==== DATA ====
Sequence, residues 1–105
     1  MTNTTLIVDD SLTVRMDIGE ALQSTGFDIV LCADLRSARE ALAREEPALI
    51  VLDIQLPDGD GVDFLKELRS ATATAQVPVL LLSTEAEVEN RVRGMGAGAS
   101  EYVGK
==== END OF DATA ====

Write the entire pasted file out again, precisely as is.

Sequence, residues 1–105
     1  MTNTTLIVDD SLTVRMDIGE ALQSTGFDIV LCADLRSARE ALAREEPALI
    51  VLDIQLPDGD GVDFLKELRS ATATAQVPVL LLSTEAEVEN RVRGMGAGAS
   101  EYVGK